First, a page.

Bay Area rents are on the rise again — but not in this one city

Signage outside the MacArthur Commons apartment building on Monday, Nov. 27, 2023, in Oakland, Calif. More apartments are offering concessions to compete for renters' attention. (Aric Crabb/Bay Area News Group)

Relief was short-lived for Bay Area renters: After nearly a year of stagnation, rents are back on the rise.

The San Francisco metro area, which includes San Francisco and San Mateo counties, saw the median monthly rent rise 1.3% to $3,060 between the first quarters of 2023 and 2024, while Santa Clara County faced an increase of 1.5%, to $2,990, according to real estate data company CoStar.

Renters like Chris Lee and Betty Li are struggling to get their hands on a good deal.

“Everything is priced through the roof,” he said.

But there is an exception: In the East Bay, median rent is on the decline, driven in large part by faltering prices in Oakland. Median rent in Contra Costa and Alameda counties ticked down by 1%, to $2,393 monthly, marking the fourth consecutive quarter of year-over-year declines.

“There’s a big glut in market-rate and luxury housing in Oakland, which is driving this decline,” said Derek Barnes, executive director of the East Bay Rental Housing Association.

As of April, the year-over-year rent in Oakland has dipped 10.3%, according to data from Apartment List.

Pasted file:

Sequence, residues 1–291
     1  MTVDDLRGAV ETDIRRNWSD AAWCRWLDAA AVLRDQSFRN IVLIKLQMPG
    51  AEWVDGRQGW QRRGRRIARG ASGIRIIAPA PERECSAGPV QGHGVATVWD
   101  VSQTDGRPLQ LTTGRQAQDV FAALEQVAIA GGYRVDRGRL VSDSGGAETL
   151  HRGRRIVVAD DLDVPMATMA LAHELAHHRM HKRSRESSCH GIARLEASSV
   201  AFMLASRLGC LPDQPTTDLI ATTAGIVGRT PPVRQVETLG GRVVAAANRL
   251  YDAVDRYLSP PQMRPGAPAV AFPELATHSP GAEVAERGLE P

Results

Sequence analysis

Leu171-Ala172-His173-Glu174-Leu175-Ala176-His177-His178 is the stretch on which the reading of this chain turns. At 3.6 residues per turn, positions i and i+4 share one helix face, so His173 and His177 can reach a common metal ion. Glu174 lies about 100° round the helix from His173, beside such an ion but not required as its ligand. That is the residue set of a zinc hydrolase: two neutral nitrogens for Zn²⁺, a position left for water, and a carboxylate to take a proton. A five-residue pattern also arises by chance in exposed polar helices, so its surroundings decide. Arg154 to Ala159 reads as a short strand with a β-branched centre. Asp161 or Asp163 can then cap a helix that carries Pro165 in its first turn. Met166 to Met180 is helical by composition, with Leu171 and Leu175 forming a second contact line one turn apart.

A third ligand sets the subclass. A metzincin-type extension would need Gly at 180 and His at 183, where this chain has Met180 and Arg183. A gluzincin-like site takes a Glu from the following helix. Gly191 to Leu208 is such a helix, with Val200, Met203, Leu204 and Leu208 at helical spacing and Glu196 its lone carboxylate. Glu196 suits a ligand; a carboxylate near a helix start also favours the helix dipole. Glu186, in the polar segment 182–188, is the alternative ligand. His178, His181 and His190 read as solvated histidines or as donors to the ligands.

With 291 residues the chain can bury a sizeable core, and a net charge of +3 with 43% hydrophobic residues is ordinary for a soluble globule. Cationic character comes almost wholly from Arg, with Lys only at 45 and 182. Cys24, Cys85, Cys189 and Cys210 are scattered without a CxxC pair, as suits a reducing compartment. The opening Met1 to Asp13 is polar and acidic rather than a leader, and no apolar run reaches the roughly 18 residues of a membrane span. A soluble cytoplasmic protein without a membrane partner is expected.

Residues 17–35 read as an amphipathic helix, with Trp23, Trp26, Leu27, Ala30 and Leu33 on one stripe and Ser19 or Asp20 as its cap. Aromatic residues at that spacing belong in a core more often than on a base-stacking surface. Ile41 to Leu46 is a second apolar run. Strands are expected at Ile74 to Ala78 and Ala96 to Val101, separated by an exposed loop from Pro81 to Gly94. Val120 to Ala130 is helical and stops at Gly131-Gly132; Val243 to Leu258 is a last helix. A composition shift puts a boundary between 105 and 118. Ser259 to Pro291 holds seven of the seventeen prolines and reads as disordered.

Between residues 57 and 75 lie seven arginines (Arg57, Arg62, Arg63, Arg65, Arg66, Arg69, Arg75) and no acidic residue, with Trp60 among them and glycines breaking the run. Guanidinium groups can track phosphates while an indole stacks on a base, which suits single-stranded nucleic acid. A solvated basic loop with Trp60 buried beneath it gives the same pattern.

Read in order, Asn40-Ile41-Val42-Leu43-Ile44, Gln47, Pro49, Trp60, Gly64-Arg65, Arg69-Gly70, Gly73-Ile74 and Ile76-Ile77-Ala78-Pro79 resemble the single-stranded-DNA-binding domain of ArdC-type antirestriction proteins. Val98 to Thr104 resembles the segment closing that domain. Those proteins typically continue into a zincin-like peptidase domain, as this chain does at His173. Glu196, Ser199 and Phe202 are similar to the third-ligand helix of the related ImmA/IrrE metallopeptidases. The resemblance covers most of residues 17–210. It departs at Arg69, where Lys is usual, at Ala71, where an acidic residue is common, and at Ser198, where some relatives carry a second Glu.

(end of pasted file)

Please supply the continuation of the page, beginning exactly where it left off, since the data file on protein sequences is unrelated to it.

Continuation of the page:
Deals have emerged for tenants in the city as luxury apartments offer concessions like two free months, hoping to lure renters away from their current homes, said Nigel Hughes, senior director of market analytics for CoStar.

That has a “knock-on effect” for other sectors of the market, as mid-priced units lose out on renters drawn to newer buildings.

“Suddenly, as a renter, you can afford a nicer apartment because of the discounts and concessions,” Hughes said.

Signage outside the MacArthur Commons apartment building on Monday, Nov. 27, 2023, in Oakland, Calif. More apartments are offering concessions to compete for renters’ attention. (Aric Crabb/Bay Area News Group) 

The East Bay also has a higher vacancy rate than the San Francisco or San Jose metro areas — hovering around 7%, compared to 5% for the others.

Barnes said that’s in part due to the continued, if slowing “exodus,” from the area. California Department of Finance data shows that Alameda County’s population decreased 0.5%, or about 9,000 people, from 2023 to 2024, while Contra Costa County’s increased modestly by 0.1%, around 1,400 people.

The buildings opening now were planned before the pandemic, when the East Bay’s population — and rents — were on the rise and investors were clamoring to respond to the demand.

“We’re still not seeing the regular routine traffic in the downtown corridors of Oakland that we saw pre-pandemic,” Barnes said.

While Oakland, like the rest of the Bay Area, faces an overall housing shortage — especially for affordable units — it can still take time for those buildings to fill up with renters.

“As those new units are slowly absorbed, rents should even out a bit,” Hughes said. “That development pipeline is slowing down now. Toward the end of the year, we might see some rent growth again.”

Meanwhile, in the San Jose and San Francisco metro areas, increased demand is fueling competition.

Chris Lee and his wife, Betty Li, at their new apartment unit in San Jose, …read more

Source:: The Mercury News – Entertainment


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